Taking a tour of the battlefield of Crecy with tour guide and historian Gary Ashley – a story of omens, a blind King, a boy prince and a battle that seemed doomed for the English invaders in France.
We started with a brief explanation of the Hundred Years War and the events that led up to Crecy.
Gary explained that under the Salic Law of 14th Century France only a male heir could inherit the throne. When the then French King died leaving no child but a pregnant queen, everyone waited impatiently for the result and none more so that Edward III King of England. The baby was born – a girl and Edward famously declared “By the Grace of God – I will be King” via his sister’s line to the French throne.
On 12 July Edward invaded Normandy, Gary says the King appeared to have no real plan but he took Caen just 14 days later – the English troops had been pillaging and looting the entire time.
Edward marched his men up the Seine, around 9000 of them it is thought. Gary tells me “you could smell the army two miles before it got to you”. The enraged French King Philip VI and his troops estimated at some 30,000 men pursued the English who made for Calais which was under English rule. This was an English and Welsh army against an army of French, Bohemians, Flemings, Germans, Savoyards and Luxemburgers.
After several days of marching Edward’s army reached Crecy en Ponthieu and he decided to stop and fight despite being massively outnumbered.
As we stood at the bottom of the hilly fields that now look up to Crecy en Ponthieu in the sunshine, surrounded by rows of potatoes and wheat, wild meadow flowers gently swaying in the breeze, Gary started to paint a picture of the fateful day of the Battle of Crecy….
The French were considered to have the bravest Knights in Europe, they were brilliant in tournament, fighting as individuals they were virtually unbeatable – as a group, not so good. The French had lots of mercenaries in their ranks, including crossbowmen commanded by a Grimaldi; the men wore emblazoned brightly coloured clothes, a full face of armour, chain mail and there was a large element of horses – particularly on the French side.
The French army stopped at the town of Crecy at the bottom of the hill the English at Crecy en Ponthieu at the top of the hill, having arrived the day before and rested. It was said that the line of French troops was so long that as the first men arrived, the last men were still in Abbeville 10 miles away.
As the troops prepared for battle on that foggy day, a swarm of black crows flew up – the French saw this as a bad omen…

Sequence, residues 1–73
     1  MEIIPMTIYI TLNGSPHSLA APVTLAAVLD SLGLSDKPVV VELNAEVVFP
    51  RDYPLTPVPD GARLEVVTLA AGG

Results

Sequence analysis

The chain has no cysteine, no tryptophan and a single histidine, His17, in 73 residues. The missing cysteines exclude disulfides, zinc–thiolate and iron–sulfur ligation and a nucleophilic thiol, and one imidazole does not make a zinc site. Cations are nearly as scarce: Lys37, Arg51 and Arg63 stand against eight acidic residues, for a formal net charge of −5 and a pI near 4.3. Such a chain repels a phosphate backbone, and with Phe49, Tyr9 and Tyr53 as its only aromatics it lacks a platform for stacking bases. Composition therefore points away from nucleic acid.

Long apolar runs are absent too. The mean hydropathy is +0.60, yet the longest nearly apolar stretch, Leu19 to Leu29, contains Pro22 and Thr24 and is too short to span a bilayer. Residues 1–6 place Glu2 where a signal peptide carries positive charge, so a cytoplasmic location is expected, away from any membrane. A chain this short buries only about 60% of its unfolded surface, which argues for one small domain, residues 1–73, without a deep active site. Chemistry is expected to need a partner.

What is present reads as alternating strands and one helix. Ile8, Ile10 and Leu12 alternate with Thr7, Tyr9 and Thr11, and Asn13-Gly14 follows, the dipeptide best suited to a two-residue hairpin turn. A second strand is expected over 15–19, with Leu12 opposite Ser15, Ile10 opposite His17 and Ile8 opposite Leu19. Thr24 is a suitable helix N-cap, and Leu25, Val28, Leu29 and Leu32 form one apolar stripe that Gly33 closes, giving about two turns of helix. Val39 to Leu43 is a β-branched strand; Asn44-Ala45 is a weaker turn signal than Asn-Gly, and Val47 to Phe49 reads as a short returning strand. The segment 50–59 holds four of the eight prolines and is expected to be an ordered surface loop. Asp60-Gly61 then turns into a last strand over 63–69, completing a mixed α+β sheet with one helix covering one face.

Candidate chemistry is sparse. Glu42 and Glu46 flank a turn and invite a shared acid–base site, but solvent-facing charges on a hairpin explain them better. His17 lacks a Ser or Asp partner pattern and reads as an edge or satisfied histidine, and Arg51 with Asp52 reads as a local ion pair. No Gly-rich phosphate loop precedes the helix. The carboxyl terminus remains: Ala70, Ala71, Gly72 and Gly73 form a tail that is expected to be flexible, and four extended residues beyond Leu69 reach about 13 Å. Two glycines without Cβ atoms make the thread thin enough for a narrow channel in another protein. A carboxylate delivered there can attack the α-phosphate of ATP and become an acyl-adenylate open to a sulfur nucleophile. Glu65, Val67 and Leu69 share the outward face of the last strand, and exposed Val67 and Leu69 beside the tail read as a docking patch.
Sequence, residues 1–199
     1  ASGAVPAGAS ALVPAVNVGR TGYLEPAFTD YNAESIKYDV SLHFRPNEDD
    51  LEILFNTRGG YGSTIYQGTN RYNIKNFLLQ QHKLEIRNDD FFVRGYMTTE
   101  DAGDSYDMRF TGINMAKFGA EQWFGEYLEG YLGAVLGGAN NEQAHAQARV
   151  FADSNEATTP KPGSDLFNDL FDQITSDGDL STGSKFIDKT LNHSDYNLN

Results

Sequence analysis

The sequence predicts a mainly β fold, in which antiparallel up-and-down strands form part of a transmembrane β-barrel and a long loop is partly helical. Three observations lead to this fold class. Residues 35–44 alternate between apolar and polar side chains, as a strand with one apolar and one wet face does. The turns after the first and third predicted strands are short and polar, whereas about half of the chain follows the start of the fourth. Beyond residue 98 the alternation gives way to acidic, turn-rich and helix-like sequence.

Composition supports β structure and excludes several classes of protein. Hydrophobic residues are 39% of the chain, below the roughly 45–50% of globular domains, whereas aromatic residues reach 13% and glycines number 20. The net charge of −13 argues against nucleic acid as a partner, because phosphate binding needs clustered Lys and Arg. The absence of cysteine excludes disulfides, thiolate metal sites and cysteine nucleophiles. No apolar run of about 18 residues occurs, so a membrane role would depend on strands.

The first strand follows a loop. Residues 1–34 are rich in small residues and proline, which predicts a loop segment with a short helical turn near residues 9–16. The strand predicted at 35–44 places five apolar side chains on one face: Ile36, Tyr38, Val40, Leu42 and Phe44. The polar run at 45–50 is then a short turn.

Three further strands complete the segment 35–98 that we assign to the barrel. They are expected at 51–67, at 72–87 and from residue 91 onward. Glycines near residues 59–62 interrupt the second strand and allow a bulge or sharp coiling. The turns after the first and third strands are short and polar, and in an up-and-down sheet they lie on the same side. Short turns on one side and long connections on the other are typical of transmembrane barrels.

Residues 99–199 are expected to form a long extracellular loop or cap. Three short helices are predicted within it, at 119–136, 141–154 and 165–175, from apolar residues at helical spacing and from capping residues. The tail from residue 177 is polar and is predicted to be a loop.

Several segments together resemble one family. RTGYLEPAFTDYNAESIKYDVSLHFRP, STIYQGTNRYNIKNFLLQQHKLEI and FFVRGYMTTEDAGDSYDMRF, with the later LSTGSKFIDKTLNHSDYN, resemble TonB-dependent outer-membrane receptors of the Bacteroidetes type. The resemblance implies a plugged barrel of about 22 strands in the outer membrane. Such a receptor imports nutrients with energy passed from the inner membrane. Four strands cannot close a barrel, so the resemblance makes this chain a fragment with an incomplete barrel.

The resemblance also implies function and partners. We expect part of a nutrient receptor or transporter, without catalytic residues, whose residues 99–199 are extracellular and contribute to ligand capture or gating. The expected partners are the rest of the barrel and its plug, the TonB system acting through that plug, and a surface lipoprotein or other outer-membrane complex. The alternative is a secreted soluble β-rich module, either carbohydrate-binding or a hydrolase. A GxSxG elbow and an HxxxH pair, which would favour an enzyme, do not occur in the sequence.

Edward III rode his white charger around the English camp telling his men they had the moral right to win, he instructed them to dig numerous small holes down the hill where the French would have to climb, stone cannonballs were lined up for use in the primitive canons they had, the archers were prepped, the battle plan drawn up.
But it wasn’t all good news. The English side were suffering from dysentery, they were as much as a quarter of the size of the French, they were tired – the odds were stacked against them.
On the French side the superior force was tired from marching and not all their men had arrived by the time the battle began. Commanded by the French King supported by the Blind King John of Bohemia and his men who despite his handicap was an experienced leader, and numerous aristocrats.
The battle began – the French went into battle with the cry “God and St Denis”. The English battle cry was “God and St George.”
The charging French horses led by the Blind King John of Bohemia fell into the holes dug by the English earlier (“he didn’t see that coming” Gary says). Numerous injuries resulted including the Blind King who died the next day. Legend has it that his personal crest (a pair of black wings) and motto Ich dien (“I Serve”) were adopted ad modified by the Black Prince, and since then they have been part of the badge of the Prince of Wales and the phrase “to fight blindly” came from the battle and the death of a blind warrior king.
Edward’s 16 year old son, later to become known as the Black Prince, the Prince of Wales, was in charge of his own division. At one point he appeared to need support but his father was confident in his son’s abilities even at that age and famously refused to send help saying “let the boy win his spurs”.
The battle ensued, the English fought hard and smart utilising their position, their weapons. The French King was wounded and ordered a retreat and history was made. (You can read a full version of the Battle of Crecy on Wikipedia).
Although it wasn’t really a big battle it was important because of the role of the infantry in battle, foot soldiers taking a more important role and supporting the cavalry working as a unit – a new way to do battle and a watershed in terms of military warfare. It was also a battle in which the English lost very few men compared to the French who lost thousands including the Kings of Bohemia and Majorca, the Duke of Lorraine, the Count of Flanders, the Count of Blois, eight other counts and three archbishops.
We walked to the tower where Edward III is said to have established his lookout in an old mill, looking down the hills. We went into the town where a monument stands from the 13th Century – it would have been there when the battle took place, those soldiers if they returned today would recognise it still.
Then we went on to the next important Hundred Years War battlefield site – Agincourt.